The United Nations Institute for Disarmament Research (UNIDIR) has just released a report on “Swarm Robotics: Technical and Operational Overview of the Next Generation of Autonomous Systems”.
The objective of the report is to improve understanding of how lethal autonomous weapons systems (LAWS) operate, how they are managed and controlled during military operations, and implications for the development of international guiding principles and norms:
“As the international community continues discussions on lethal autonomous weapons systems (LAWS) in 2020 and 2021 and will focus on the further development and operationalization of the guiding principles, the role of human decision-making will undoubtedly remain one of the core issues. By drawing on near-term technologies, such as swarms, and related command and control models in deliberations about human control and human-machine interaction, the international community can move to develop a more comprehensive understanding of how control may or may not be exercised in military practice – now and in future operations.” LINK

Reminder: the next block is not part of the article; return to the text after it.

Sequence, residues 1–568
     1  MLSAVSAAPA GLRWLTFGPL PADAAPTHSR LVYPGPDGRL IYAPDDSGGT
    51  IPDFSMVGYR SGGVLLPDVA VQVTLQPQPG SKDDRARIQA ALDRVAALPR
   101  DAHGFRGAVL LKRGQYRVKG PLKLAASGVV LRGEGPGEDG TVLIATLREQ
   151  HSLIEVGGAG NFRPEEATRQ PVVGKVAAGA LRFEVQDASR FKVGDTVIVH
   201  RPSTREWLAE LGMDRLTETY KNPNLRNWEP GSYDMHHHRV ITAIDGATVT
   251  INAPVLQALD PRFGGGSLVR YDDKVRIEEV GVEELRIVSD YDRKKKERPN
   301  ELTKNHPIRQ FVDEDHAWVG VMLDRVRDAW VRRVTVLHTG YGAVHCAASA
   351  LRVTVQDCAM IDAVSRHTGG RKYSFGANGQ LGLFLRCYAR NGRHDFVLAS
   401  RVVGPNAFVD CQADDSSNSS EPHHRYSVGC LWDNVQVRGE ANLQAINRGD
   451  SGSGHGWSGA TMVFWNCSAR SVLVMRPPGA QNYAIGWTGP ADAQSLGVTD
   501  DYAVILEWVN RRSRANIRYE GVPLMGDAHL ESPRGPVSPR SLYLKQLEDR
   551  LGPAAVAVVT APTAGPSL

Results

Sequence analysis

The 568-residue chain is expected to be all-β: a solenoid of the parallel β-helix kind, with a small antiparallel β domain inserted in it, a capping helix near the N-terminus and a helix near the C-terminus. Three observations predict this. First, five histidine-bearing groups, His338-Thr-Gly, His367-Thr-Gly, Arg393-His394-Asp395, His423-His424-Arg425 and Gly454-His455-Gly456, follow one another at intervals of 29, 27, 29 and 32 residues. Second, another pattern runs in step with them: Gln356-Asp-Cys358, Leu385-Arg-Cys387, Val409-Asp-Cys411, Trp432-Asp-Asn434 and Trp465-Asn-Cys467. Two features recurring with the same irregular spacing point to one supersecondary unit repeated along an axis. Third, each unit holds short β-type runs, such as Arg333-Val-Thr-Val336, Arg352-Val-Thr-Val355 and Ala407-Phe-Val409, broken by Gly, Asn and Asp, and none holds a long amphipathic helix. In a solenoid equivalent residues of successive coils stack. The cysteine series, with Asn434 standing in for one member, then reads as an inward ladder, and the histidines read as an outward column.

As international rivalries, reckless provocations and one-upmanship among the world’s superpowers and regional powers reach fever pitch, the headlong rush to gain a strategic advantage is pushing military R&D programs far beyond the capabilities of supervision and rational debate over the possibly devastating consequences of the new technology.
“The prospect of military swarms is real, although they are not yet operational and the technology is rather brittle. Yet how to exercise effective and responsible levels of human involvement over swarms remains a nascent area of research. The main challenges relate to the design and implementation of appropriate human-machine and machine-machine interactions. Researchers and developers have taken numerous approaches to injecting human involvement into a swarm. Human involvement or control in the context of swarming typically refers to either command, control or coordination.”
The document envisages a wide range of potential military and intelligence applications, including intelligence, surveillance and reconnaissance operations, perimeter surveillance and protection, distributed attacks, air defence, force protection, deception, dull and dangerous tasks, and combatting other swarms.